In Indian-controlled Kashmir, or Jammu-Kashmir, the death toll stood at about 256, according to local government, army and police officials.
Some 700 other people were injured in Jammu-Kashmir as well, according to the police and military. Local officials estimate more than 1,000 dwellings have been damaged or destroyed across Jammu-Kashmir.
Qamar Uz Zaman, director-general of the Pakistani Meteorological Department, told CNN that "this was the strongest earthquake in the area during the last hundred years."
The United States, Britain, Germany, Turkey, Japan, the United Nations and non-governmental humanitarian groups have marshaled resources to help the region. (Details)
The quake was "quite shallow," said David Applegate, senior science advisor for earthquake and geologic hazards for the U.S. Geological Survey. "That means the shaking is going to be very intense."
The fact that Islamabad was near the epicenter "means a fairly large urban population has experienced some strong shaking," Applegate said.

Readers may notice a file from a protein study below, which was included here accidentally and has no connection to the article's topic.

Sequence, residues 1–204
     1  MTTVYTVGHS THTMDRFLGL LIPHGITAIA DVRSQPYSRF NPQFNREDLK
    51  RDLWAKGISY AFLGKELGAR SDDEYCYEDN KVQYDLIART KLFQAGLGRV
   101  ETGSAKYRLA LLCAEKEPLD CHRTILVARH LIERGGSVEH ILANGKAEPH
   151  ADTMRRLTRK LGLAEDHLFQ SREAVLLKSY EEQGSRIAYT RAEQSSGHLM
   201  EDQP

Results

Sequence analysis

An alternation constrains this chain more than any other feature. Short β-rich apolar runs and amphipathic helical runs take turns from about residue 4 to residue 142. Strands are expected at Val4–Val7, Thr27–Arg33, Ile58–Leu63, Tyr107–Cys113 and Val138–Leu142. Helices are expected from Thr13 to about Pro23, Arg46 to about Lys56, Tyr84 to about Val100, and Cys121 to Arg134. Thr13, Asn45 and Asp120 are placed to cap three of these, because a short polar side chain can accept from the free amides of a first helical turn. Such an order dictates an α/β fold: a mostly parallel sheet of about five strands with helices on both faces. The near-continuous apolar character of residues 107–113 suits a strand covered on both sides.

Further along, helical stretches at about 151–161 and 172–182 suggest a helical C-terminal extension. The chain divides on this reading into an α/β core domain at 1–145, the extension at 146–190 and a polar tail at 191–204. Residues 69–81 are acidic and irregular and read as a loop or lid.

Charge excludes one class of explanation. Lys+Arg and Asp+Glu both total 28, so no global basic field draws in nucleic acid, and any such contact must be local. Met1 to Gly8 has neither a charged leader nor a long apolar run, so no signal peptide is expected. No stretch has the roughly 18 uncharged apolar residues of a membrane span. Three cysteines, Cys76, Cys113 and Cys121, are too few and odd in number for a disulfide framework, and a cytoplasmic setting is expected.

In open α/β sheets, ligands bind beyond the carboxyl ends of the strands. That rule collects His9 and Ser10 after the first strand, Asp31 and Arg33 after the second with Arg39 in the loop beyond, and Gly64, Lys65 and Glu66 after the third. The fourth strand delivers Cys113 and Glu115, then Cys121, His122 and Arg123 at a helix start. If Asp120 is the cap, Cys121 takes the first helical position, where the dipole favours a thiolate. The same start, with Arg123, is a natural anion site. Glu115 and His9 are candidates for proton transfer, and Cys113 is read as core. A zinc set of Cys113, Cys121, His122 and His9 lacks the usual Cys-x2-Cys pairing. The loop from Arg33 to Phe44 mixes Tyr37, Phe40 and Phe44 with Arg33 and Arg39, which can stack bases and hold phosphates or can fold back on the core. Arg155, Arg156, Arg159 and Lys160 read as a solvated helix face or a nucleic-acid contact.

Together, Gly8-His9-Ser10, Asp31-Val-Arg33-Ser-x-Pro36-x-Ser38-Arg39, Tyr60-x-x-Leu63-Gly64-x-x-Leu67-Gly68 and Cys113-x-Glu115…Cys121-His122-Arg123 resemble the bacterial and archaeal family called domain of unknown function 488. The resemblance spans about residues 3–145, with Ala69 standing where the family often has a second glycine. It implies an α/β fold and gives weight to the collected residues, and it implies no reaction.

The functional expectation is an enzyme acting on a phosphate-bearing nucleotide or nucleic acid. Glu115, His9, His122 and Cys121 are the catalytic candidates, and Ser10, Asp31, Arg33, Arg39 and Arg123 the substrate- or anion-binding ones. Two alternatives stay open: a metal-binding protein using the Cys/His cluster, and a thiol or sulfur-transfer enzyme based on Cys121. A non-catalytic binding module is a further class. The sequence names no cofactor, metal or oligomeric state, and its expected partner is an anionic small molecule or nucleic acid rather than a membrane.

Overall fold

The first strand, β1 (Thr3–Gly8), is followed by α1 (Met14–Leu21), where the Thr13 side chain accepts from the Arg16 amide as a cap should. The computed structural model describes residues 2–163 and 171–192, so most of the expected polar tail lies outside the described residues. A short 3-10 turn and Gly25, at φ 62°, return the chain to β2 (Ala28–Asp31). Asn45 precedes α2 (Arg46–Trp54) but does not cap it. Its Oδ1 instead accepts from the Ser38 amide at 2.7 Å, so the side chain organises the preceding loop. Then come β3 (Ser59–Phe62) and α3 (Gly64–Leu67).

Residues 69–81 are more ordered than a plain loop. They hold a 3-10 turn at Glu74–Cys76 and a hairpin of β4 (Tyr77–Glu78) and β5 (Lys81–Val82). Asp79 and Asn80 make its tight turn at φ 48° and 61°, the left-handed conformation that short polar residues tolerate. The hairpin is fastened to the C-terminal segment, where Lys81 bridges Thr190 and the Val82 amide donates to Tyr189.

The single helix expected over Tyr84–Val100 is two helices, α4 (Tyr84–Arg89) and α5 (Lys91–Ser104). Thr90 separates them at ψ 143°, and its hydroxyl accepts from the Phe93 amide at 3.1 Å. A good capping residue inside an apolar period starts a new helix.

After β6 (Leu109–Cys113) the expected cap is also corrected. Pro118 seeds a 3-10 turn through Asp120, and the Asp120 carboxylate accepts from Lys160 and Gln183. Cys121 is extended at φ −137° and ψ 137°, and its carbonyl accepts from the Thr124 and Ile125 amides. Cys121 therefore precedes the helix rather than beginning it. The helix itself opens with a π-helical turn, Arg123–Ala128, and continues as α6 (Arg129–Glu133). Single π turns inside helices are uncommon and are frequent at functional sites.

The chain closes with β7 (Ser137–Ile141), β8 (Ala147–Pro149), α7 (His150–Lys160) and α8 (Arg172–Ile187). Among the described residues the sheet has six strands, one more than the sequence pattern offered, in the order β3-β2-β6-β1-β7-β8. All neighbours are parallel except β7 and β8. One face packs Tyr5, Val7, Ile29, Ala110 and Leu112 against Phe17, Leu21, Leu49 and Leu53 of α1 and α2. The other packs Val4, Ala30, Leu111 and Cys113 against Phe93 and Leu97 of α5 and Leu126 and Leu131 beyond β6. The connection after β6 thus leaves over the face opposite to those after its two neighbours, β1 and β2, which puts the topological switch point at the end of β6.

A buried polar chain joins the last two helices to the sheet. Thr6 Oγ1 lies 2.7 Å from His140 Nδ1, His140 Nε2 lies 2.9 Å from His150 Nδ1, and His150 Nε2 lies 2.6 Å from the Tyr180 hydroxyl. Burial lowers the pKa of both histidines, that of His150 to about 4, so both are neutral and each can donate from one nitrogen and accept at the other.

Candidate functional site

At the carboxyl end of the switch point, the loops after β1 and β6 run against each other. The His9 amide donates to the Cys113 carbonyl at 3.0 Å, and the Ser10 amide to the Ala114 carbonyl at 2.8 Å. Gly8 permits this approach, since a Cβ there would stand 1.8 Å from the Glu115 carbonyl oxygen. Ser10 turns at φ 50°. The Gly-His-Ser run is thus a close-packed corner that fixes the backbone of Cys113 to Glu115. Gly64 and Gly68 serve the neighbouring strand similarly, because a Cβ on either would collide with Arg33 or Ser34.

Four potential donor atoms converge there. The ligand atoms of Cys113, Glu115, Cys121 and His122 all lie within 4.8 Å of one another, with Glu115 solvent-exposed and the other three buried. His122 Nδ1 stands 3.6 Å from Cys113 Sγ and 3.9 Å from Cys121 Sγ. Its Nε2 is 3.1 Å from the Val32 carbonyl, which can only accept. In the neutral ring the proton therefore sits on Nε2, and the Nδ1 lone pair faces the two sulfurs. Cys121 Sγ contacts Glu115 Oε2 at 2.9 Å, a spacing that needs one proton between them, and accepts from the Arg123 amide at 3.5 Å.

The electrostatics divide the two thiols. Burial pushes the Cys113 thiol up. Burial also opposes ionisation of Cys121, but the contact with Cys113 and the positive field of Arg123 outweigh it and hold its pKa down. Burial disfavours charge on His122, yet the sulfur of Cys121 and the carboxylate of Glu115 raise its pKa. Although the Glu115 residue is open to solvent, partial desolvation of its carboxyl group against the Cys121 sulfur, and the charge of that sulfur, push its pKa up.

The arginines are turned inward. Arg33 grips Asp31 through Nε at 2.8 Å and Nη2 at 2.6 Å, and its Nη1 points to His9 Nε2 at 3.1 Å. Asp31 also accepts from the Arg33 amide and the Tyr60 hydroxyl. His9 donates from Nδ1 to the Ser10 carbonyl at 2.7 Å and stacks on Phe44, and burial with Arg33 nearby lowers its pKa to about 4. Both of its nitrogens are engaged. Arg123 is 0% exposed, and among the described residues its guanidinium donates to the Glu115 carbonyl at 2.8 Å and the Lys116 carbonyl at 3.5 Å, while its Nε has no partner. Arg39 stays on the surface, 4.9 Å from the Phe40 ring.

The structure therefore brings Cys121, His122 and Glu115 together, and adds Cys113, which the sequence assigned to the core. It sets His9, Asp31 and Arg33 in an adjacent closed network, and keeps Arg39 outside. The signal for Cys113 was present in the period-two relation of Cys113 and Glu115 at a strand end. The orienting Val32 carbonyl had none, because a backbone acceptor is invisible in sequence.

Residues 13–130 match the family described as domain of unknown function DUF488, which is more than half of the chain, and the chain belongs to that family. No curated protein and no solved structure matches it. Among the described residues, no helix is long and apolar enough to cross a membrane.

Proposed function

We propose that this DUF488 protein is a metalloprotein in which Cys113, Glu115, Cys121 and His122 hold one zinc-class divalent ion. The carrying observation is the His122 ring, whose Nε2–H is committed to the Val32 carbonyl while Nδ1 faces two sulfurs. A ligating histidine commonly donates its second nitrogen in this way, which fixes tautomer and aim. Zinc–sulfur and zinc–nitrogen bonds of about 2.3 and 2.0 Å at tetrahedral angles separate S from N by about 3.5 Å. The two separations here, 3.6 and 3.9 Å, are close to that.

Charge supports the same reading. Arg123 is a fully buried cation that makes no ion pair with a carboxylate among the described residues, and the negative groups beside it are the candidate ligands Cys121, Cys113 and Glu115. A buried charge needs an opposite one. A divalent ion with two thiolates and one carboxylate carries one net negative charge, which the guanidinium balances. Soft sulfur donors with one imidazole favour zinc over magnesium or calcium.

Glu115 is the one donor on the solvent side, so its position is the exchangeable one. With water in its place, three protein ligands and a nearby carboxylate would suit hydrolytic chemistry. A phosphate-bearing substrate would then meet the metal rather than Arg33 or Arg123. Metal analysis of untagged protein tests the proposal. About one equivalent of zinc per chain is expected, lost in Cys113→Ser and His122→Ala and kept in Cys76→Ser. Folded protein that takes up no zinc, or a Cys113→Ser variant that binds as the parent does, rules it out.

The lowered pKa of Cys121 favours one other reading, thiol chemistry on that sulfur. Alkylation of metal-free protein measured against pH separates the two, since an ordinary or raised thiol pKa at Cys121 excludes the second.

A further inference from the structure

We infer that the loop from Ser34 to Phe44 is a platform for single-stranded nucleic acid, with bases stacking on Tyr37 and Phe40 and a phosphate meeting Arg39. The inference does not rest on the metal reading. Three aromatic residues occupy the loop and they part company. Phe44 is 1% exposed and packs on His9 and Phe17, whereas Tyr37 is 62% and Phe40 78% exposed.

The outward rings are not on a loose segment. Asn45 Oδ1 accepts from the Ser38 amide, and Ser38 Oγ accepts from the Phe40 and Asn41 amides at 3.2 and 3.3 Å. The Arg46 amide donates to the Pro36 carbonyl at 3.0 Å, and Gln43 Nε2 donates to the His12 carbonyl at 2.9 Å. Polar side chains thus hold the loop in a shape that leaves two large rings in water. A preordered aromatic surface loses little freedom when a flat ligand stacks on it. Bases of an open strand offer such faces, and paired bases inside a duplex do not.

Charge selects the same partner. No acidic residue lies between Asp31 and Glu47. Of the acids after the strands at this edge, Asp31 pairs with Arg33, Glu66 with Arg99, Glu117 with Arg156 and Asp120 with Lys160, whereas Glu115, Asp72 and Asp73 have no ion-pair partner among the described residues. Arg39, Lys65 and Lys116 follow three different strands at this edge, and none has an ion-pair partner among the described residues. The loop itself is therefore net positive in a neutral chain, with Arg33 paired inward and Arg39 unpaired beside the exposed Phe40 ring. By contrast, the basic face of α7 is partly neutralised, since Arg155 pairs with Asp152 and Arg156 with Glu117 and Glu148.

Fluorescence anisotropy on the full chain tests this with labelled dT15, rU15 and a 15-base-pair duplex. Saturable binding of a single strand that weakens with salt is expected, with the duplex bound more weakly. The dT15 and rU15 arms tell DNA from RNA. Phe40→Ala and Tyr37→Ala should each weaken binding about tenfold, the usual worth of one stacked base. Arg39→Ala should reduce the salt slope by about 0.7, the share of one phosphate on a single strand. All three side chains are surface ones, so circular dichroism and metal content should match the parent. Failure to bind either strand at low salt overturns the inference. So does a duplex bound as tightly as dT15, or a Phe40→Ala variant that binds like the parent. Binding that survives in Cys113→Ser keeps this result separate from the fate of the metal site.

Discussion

The National Earthquake Information Center put the quake at 7.6 magnitude, which it considers "major." The Pakistani Meteorological Department put the magnitude at 7.5, and Japan's Meteorological Agency put it at 7.8.
In February 2004, a pair of earthquakes registering 5.5 and 5.4 magnitude killed at least 21 people and injured dozens more. Hundreds of homes built of mud, stone and timber were destroyed in a rugged, mountainous area about 90 miles northwest of Islamabad.
CNN senior international correspondents Satinder Bindra and Matthew Chance, correspondent Ram Ramgopal, producers Syed Mohsin Naqvi and John Raedler and journalists Mukhtar Ahmed in Srinagar and Tom Coghlan in Kabul contributed to this report.